How To Build A TCP Proxy With Python
What Is A TCP Proxy
A TCP proxy is a server that acts as an intermediary between a client and the destination server. Clients establish connections to the TCP proxy server, which then establishes a connection to the destination server. TCP proxy supports Window Scale (WS) option that are carried by SYN and SYN ACK packets.
Building A TCP Proxy With Python
There are a number of reasons to have a TCP proxy in your tool belt, both
for forwarding traffic to bounce from host to host, but also when assessing
network-based software. When performing penetration tests in enterprise
environments, you’ll commonly be faced with the fact that you can’t run
Wireshark, that you can’t load drivers to sniff the loopback on Windows, or
that network segmentation prevents you from running your tools directly
against your target host. I have employed a simple Python proxy in a num-
ber of cases to help understand unknown protocols, modify traffic being
sent to an application, and create test cases for fuzzers. Let’s get to it.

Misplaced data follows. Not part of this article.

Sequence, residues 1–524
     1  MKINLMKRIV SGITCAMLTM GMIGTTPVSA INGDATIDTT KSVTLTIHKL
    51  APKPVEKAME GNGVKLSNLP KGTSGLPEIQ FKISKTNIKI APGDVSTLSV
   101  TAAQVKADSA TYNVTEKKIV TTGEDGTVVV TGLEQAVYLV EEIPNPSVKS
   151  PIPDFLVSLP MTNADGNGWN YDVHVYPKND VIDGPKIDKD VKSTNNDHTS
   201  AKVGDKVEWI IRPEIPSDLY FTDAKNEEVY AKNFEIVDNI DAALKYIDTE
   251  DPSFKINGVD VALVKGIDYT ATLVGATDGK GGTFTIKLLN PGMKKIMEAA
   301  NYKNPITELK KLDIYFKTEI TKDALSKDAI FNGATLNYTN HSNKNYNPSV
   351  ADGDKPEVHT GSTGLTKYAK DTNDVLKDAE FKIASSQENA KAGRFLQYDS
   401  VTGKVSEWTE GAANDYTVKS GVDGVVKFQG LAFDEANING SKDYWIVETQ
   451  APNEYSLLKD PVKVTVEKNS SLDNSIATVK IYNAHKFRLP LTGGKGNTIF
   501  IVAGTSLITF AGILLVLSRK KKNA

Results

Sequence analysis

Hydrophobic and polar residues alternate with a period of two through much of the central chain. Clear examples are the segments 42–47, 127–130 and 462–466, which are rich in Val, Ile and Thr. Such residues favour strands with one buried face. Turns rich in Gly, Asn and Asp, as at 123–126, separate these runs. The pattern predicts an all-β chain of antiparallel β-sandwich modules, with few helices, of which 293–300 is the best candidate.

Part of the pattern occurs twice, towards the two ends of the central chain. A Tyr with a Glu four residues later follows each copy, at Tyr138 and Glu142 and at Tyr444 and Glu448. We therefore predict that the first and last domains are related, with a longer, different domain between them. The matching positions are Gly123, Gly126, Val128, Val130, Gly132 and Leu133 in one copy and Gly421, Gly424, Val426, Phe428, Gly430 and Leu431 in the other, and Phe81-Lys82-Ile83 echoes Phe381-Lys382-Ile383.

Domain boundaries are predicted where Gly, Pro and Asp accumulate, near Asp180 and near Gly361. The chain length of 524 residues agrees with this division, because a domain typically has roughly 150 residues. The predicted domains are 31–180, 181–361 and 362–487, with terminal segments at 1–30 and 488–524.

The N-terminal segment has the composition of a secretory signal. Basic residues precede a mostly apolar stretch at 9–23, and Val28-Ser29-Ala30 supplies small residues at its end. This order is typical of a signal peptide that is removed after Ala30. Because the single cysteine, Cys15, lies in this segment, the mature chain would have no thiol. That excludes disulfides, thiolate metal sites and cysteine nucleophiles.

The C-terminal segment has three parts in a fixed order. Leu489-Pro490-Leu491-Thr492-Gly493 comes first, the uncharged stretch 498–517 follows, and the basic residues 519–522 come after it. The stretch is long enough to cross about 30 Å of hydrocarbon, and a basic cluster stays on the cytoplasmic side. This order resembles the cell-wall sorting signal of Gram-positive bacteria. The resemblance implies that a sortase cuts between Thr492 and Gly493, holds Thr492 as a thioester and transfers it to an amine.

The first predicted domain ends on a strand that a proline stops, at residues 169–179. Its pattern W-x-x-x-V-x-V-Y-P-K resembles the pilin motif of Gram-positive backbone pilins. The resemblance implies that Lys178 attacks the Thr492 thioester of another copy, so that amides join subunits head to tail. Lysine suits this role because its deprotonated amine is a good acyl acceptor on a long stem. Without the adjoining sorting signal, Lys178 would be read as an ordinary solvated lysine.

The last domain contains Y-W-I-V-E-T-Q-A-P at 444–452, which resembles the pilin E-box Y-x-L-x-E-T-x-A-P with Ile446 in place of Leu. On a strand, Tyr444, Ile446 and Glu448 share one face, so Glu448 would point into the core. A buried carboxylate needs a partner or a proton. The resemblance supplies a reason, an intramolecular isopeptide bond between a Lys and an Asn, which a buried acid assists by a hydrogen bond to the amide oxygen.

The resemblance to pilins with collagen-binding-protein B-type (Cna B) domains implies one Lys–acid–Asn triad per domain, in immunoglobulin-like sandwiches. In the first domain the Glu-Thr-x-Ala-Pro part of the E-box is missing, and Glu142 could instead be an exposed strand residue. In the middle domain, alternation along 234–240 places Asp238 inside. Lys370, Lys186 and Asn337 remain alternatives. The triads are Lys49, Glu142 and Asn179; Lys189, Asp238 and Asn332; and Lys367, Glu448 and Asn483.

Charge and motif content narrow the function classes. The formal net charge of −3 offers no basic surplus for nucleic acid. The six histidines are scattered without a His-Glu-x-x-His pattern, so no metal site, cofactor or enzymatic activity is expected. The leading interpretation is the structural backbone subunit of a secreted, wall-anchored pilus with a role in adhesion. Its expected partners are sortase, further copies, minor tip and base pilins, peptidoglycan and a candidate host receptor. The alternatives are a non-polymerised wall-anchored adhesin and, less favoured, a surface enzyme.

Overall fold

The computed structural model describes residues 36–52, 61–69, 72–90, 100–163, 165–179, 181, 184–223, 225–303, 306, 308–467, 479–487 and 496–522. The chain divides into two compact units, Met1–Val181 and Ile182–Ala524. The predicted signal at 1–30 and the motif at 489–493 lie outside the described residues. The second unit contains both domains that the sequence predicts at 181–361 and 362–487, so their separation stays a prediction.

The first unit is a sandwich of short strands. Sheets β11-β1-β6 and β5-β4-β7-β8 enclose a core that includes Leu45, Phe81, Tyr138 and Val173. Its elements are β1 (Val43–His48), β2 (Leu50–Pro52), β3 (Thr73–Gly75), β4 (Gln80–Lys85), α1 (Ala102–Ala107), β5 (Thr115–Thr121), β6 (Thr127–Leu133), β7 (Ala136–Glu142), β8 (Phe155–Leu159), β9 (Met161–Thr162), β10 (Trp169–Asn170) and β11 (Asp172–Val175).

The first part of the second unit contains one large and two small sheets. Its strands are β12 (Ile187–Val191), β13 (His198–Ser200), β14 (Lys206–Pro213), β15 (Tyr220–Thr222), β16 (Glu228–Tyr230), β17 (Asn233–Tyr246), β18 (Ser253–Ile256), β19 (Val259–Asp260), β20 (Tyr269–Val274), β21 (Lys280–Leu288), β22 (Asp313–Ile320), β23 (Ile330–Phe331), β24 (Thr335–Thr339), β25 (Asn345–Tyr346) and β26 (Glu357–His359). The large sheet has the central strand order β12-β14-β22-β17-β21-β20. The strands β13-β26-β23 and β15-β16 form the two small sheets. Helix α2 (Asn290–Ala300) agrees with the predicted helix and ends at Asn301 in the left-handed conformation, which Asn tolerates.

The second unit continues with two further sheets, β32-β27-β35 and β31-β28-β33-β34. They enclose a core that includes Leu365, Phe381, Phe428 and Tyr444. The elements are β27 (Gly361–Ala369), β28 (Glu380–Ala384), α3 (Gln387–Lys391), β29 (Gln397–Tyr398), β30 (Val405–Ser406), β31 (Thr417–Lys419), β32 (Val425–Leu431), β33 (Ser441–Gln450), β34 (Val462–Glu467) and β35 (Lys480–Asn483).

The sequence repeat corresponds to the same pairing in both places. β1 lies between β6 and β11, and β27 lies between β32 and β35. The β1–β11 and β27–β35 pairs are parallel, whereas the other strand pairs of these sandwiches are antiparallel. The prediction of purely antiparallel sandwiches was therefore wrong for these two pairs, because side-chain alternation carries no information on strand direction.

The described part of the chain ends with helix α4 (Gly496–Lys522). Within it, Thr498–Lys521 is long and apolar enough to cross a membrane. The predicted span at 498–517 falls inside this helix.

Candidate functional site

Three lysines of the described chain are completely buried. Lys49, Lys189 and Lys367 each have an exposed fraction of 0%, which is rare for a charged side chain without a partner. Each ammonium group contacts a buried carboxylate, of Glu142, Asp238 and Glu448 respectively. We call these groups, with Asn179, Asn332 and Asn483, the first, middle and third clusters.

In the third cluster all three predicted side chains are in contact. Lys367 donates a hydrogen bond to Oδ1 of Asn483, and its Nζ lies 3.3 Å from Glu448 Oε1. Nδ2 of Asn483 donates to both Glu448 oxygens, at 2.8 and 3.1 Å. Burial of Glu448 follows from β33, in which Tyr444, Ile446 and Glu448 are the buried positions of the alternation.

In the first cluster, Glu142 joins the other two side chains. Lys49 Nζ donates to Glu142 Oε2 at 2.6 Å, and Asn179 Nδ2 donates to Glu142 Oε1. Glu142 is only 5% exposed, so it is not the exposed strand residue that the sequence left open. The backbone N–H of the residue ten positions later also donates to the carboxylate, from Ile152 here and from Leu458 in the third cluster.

import sys import socket import threading def server_loop(local_host,local_port,remote_host,remote_port,receive_first): server = socket.socket(socket.AF_INET, socket.SOCK_STREAM) try: server.bind((local_host,local_port)) except: print "[!!] Failed to listen on %s:%d" % (local_host,local_port) print "[!!] Check for other listening sockets or correct permissions." sys.exit(0) print "[*] Listening on %s:%d" % (local_host,local_port) server.listen(5) while True: client_socket, addr = server.accept() # print out the local connection information print "[==>] Received incoming connection from %s:%d" % ¬ (addr,addr) # start a thread to talk to the remote host proxy_thread = threading.Thread(target=proxy_handler, ¬ args=(client_socket,remote_host,remote_port,receive_first)) proxy_thread.start() def main(): # no fancy command-line parsing here if len(sys.argv[1:]) != 5: print "Usage: ./proxy.py [localhost] [localport] [remotehost] ¬ [remoteport] [receive_first]" print "Example: ./proxy.py 127.0.0.1 9000 10.12.132.1 9000 True" sys.exit(0) # setup local listening parameters local_host = sys.argv local_port = int(sys.argv) # setup remote target remote_host = sys.argv remote_port = int(sys.argv) # this tells our proxy to connect and receive data # before sending to the remote host receive_first = sys.argv if "True" in receive_first: receive_first = True else: receive_first = False # now spin up our listening socket server_loop(local_host,local_port,remote_host,remote_port,receive_first) main()